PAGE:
A Must-Read on Depression

Finding Your Silver Lining: 3 Signs It’s Time to Improve Your Emotional Wellness

It can be hard to see the bright side of life, when suffering from a form of depression and anxiety. Overtime, these mental conditions can wear us down and put not only our mental health in peril, but also our emotional and physical health as well. According to the Canadian Mental Health Association, nearly 10 percent to 20 percent of Canadians suffer from some form of depression or anxiety. If you, or someone close to you, is suffering from some form of mental illness, it’s important to check up on personal wellness and know when depression goes too far and becomes potentially dangerous.

When Depression Goes Too Far

Those who have been diagnosed with Major Depressive Disorder, will know that the emotional ups and downs they experience are nothing like typical bouts of sadness. Depression affects how we think, feel and perceive the world around us. When depression begins to take control of your life, you need to be wary of falling down the path of suicide and self-harm.

Here are a few warning signs that indicate if a person’s depression is taking over their life and that it might be time to seek help:

  1. Becoming Withdrawn

When people become withdrawn due to severe anxiety or depression, they almost become ghost-like in their own daily lives. Not only do they stop going out or doing activities they usually love, they also will not communicate with friends or family. They may resign themselves to their bed for hours or maybe even all day. Depression can make you a prisoner in your own mind and keep you from coming out of your shell. Becoming so detached from the outside world will only worsen the depression and could push an individual to consider the inconsiderable.

  1. Changes in Behavior

Another sign that depression has gone too far is when a person starts acting strangely or erratically. You might notice a person say or do something completely out of character for them. Depression can cause this sudden transitory behavior in people as a mental defense mechanism. Sometimes this change of behavior can verge on the extreme. Normally sober, straight-edged people may turn to drugs or alcohol to distract from their depression, which of course, only exacerbates the underlying problems.

  1. Suicidal Thoughts or Verbalization

Finally, the biggest indicator that a person’s mental health is quickly deteriorating is when they begin to express a will to end their own life. Sometimes these cues can be subtle, but they should never be ignored. Suicide begins with an idea, and as depression builds this idea may become more prominent in the mind of the individual. If you start thinking regularly about killing yourself, or if you ever hear another person openly considering it, you should take action and seek help immediately.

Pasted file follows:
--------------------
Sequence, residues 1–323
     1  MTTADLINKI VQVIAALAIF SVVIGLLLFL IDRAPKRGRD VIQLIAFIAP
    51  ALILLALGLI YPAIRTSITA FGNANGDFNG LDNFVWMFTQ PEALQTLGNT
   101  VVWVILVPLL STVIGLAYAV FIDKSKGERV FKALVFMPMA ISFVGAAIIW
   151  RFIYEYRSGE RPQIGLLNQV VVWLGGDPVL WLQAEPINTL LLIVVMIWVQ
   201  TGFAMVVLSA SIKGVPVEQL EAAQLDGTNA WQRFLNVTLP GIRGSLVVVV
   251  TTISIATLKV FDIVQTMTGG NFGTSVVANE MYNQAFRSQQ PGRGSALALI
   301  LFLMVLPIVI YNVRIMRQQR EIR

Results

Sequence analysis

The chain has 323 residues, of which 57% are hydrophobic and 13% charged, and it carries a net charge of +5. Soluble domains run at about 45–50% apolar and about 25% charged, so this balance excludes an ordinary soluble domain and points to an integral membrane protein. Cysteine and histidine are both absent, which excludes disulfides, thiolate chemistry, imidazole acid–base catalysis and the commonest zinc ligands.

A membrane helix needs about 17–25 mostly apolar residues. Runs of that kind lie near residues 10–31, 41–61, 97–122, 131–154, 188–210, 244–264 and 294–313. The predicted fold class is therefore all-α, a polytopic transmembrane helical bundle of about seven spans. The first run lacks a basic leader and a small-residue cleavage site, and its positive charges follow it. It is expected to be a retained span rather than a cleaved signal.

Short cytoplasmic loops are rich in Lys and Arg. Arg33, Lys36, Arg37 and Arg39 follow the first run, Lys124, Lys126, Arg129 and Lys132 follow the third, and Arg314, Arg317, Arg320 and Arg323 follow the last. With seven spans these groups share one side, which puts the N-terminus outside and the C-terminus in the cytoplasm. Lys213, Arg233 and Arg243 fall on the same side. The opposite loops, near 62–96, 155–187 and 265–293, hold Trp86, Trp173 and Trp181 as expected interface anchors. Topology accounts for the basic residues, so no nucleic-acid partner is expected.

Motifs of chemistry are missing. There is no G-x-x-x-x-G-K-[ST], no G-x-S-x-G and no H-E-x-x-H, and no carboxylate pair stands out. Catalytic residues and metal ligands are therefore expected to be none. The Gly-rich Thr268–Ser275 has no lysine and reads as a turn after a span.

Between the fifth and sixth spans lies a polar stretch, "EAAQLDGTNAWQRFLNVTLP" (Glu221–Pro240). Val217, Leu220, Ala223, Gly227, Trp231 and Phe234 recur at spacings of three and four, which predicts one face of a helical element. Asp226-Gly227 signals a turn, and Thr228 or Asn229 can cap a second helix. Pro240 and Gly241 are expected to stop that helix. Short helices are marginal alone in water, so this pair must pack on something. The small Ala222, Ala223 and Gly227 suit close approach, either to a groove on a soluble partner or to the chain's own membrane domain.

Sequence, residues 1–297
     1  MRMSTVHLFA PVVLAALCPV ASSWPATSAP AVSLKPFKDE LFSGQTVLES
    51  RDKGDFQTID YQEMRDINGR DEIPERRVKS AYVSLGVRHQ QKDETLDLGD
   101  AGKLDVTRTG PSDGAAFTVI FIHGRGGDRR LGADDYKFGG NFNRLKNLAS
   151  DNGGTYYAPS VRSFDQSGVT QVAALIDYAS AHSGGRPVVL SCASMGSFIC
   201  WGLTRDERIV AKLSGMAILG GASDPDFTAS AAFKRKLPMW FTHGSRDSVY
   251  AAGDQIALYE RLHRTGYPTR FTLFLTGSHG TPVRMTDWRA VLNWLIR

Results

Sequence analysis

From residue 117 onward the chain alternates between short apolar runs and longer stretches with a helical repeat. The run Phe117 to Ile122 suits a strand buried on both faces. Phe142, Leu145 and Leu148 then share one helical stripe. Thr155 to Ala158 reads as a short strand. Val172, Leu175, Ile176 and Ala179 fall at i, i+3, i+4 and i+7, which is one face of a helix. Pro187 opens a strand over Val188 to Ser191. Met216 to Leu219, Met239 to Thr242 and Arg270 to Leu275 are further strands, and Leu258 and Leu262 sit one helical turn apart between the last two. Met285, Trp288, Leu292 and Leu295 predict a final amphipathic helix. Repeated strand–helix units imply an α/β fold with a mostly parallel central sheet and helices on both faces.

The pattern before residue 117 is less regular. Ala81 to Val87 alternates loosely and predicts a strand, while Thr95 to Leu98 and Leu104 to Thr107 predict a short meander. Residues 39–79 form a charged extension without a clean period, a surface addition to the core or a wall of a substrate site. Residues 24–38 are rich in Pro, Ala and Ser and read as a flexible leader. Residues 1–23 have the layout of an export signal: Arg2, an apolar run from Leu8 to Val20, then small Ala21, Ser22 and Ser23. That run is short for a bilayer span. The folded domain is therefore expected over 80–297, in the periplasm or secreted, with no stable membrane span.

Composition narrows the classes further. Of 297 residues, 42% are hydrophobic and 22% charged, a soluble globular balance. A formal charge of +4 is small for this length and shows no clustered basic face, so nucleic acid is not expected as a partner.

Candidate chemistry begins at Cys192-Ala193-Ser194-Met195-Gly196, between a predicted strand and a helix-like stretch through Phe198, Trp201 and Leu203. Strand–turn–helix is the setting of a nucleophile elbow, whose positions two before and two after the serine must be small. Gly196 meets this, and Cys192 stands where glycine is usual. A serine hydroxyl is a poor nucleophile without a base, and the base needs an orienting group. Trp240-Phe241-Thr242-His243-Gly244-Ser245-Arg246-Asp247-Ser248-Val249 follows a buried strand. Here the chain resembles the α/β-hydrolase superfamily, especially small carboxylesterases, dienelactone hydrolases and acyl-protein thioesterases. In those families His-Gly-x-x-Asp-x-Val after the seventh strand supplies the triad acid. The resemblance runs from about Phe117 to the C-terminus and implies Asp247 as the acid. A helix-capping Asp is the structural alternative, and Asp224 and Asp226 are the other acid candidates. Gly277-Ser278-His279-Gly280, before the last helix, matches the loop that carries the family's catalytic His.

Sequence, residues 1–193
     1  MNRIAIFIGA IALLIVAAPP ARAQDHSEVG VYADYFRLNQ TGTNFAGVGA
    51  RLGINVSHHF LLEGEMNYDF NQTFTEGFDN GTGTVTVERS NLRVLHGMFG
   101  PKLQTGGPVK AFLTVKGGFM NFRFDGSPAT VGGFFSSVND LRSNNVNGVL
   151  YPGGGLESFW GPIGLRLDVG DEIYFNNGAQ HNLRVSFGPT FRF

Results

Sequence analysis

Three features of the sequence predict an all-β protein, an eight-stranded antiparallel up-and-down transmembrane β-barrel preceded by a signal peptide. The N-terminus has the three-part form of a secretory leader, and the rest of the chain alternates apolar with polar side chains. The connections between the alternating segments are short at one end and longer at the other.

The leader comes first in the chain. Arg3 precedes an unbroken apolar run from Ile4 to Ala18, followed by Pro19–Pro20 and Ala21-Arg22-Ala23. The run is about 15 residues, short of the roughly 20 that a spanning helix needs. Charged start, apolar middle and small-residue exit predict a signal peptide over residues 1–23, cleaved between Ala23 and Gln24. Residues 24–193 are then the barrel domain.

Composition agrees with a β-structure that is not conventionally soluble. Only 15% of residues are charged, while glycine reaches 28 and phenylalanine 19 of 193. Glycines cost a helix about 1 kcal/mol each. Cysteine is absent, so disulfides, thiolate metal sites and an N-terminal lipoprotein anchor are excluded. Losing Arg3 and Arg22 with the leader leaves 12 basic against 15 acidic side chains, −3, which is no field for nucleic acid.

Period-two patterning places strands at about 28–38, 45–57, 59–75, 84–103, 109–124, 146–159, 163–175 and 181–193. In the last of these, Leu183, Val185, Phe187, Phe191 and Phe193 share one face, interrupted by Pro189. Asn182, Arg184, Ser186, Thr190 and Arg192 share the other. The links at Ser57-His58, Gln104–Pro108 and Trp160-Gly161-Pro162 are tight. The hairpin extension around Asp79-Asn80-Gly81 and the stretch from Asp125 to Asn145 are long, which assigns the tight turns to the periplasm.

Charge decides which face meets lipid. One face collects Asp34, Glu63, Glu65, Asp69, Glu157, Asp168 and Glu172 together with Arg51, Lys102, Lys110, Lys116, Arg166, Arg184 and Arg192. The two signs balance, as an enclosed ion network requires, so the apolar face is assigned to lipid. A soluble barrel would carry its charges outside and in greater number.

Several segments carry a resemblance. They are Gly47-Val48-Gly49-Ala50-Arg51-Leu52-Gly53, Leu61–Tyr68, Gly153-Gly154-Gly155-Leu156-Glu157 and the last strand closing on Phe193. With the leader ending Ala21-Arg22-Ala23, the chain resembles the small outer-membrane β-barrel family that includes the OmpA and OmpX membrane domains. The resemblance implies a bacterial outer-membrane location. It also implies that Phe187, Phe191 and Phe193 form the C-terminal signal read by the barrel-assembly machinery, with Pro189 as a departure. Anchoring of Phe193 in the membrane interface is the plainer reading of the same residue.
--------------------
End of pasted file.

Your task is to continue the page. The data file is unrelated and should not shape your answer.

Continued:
How to Promote Emotional Wellness at Home

The best way to take control of your depression is by taking control of various aspects of your life. For many, this begins with the home. A cluttered home reflects a cluttered mind. Keeping your home neat and tidy will not only make you feel better, but also reassure you that you have control over your life, and depression.

Lighting has also been proven to help combat serious bouts of depression. By adding a little more lighting to your home, you can encourage yourself to remain active and push back gloomy thoughts. Candles are great for setting a mood, but also can help depression through aromatherapy. These are just a few ideas to make your home a safe place and take control of your depression.

Everyone is going through something; no one lives a perfect life. The best we can do is take whatever steps we can, big or small, to make our own lives a little better. Even when facing depression, there’s always someone out there who cares, and a silver lining just around the corner.

Photo Credit: Pixabay.com

Our deep gratitude goes out to Melissa Howard whose mission is to make the world a safer place for people struggling with mental illness, especially suicidality. Find out more at stopsuicide.info.